The Canadian Securities Administrators (CSA) recently proposed changes to Canada’s early warning regime for the disclosure of substantial blockholdings, including to lower the initial reporting trigger to 5% from 10%, to require disclosure no later than the opening of trading on the next business day, and to include equity equivalent derivatives and securities lending arrangements in the ownership calculation. Separately, the CSA proposed a new policy of greater flexibility as to rights plans, including in connection with unsolicited takeover bids. These proposals reflect sensible and necessary improvements to Canadian market regulation, to protect shareholders from the sorts of activist and takeover techniques and abuses that militate for changes in the U.S.’s Section 13(d) rules, and which, in the context of unsolicited takeover bids, the U.S. acceptance of rights plans have largely banished from the U.S.
Posts Tagged ‘Schedule 13D’
NYSE Euronext, the Society of Corporate Secretaries and Governance Professionals and the National Investor Relations Institute have jointly filed a rulemaking petition with the SEC, seeking prompt updating to the reporting rules under Section 13(f) of the Securities Exchange Act of 1934, as well as supporting a more comprehensive study of the beneficial ownership reporting rules under Section 13. The petitioners urge the SEC to shorten the reporting deadline under Rule 13f-1 from 45 days to two business days after the relevant calendar quarter, and also suggests amending Section 13(f) itself to provide for reporting on at least a monthly, rather than quarterly, basis, to correspond with Dodd-Frank’s mandate for at least monthly disclosure of short sales. We applaud the petitioners for urging the SEC to modernize Section 13’s reporting rules, both with respect to Section 13(f) and more generally.
In a column published today on the New York Times DealBook, as part of my column series, I focus on an important but largely overlooked aspect of the SEC’s expected consideration of tightening the 13(d) rules governing blockholder disclosure. The column, titled “Don’t Make Poison Pills More Deadly,” is available here, and it develops an argument I made in a Conference Board debate with Martin Lipton, available here.
The column explains that an unintended and harmful effect of the considered reform may be that it will help companies adopt low-threshold poison pills – arrangements that cap the ownership of outside shareholders at levels like 10 or 15 percent. The SEC, I argue, should be careful to avoid such an outcome in any rules it may adopt.
The SEC is planning to consider a rule-making petition, filed by a prominent corporate law firm, that proposes to reduce the 10-day period, as well as to count derivatives toward the 5 percent threshold. The push for tightening disclosure rules is at least partly driven by the benefits that earlier disclosure would provide for corporate insiders. Supporters of the petition have made it clear that tightening disclosure requirements is intended to alert not only the market but also incumbent boards and executives in order to help them put defenses in place more quickly.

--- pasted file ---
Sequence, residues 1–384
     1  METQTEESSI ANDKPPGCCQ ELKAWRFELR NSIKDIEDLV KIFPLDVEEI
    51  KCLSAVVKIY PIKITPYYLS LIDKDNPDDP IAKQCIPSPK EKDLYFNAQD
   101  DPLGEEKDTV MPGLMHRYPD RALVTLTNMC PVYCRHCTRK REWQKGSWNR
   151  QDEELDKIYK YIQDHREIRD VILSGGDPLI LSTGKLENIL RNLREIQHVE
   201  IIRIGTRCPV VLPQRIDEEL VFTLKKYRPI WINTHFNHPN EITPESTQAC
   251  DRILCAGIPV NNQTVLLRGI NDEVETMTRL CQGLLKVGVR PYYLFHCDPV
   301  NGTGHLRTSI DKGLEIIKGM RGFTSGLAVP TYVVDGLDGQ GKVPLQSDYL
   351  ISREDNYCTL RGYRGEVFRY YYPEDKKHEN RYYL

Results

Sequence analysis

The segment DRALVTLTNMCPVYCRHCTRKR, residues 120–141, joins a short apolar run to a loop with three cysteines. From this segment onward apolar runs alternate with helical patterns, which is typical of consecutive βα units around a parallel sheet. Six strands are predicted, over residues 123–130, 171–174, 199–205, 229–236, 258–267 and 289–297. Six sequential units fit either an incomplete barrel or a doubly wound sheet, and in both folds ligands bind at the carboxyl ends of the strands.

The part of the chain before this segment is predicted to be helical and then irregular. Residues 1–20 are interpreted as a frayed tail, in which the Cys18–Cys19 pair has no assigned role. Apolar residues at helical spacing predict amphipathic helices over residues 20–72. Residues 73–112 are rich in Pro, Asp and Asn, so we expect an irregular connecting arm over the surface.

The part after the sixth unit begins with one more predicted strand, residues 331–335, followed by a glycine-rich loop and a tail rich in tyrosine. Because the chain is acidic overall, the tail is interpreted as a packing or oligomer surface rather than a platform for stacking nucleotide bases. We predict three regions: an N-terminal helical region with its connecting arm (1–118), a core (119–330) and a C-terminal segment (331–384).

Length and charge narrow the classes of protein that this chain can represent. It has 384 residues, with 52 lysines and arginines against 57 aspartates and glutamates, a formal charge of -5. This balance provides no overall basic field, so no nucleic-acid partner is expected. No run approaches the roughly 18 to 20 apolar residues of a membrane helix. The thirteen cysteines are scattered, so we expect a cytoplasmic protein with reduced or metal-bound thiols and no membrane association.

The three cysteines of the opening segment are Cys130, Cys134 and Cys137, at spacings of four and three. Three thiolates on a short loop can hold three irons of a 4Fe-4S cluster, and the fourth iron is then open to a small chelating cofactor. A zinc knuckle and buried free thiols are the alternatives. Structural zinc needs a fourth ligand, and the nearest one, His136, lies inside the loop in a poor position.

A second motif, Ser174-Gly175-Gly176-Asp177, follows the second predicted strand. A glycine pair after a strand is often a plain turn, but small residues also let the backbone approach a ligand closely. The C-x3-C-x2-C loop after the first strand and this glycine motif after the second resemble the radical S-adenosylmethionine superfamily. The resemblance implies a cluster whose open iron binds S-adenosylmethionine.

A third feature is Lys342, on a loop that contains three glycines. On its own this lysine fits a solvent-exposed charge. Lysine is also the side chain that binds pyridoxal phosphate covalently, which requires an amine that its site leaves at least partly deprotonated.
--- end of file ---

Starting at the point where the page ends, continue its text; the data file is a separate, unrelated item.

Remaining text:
Next Tuesday, November 13, the Conference Board will host a debate in New York City between Lucian Bebchuk, a professor of Law, Economics and Finance at Harvard Law School, and Martin Lipton, a founding partner of Wachtell, Lipton, Rozen & Katz (WLRK) on the regulation of outside blockholders. Those interested in attending the debate can do so by RSVP’ing at the Conference Board website here by Wednesday, November 7.
This debate will be the fourth time over the past decade that Bebchuk and Lipton will engage in an exchange:
- In 2002, in a University of Chicago Law Review Symposium, Bebchuk and Lipton debated takeover defenses, with Lipton offering a response, titled Pills, Polls, and Professors Redux, to Bebchuk’s article, The Case Against Board Veto in Corporate Takeovers.
- In 2003, in an exchange published by the Business Lawyer, Bebchuk (in The Case for Shareholder Access to the Ballot) and Lipton (in Election Contests in the Company’s Proxy: An Idea whose Time Has Not Come) put forward opposing views on the merits of proxy access.
- In 2007, in the University of Virginia Law Review, Lipton published a response, titled The Many Myths of Lucian Bebchuk, to Bebchuk’s article, titled The Myth of the Shareholder Franchise, calling for reform of corporate elections.
The 2012 debate concerns an issue that became prominent last year when WLRK submitted a rulemaking petition (available here) to the SEC, advocating a tightening of the rules governing disclosure by outside blockholders under the Williams Act. In particular, the WLRK petition advocates reducing the period of time before the owner of 5% or more of a public company’s stock must disclose that position, from ten days to one day.
In our article Fair Markets and Fair Disclosure: Some Thoughts on The Law and Economics of Blockholder Disclosure, and the Use and Abuse of Shareholder Power forthcoming in Harvard Business Law Review, Spring 2012, and available at SSRN, we discuss the debate that has ensued following the March 2011 petition by our law firm, Wachtell, Lipton, Rosen & Katz, to the Securities and Exchange Commission to modernize the blockholder reporting rules under Section 13(d) of the Securities Exchange Act of 1934.
The petition sought to ensure that the reporting rules would continue to operate in a way broadly consistent with the statute’s clear purposes that an investor must promptly notify the market when it accumulates a block of publicly traded stock representing more than 5% of an issuer’s outstanding shares, and that loopholes that have arisen by changing market conditions and practices since the statute’s adoption over forty years ago could not continue to be exploited by stockholder activists, to the detriment of market transparency and fairness to all security holders. Among other things, the petition proposed that the time to publicly disclose such block acquisitions be reduced from ten days to one business day, given activists’ current ability to take advantage of the ten-day window to accumulate positions well above 5% prior to any public disclosure, in contravention of the clear purposes of the statute.
The New York Times DealBook published today a piece I wrote, titled Don’t Discourage Outside Shareholders. The piece, available here, focuses on the SEC’s ongoing consideration of a rulemaking petition that advocates tightening the rules governing how quickly shareholders must disclose when they hold 5 percent or more of a company’s shares. I argue that such tightening could well unduly discourage the creation and activism of outside blockholders.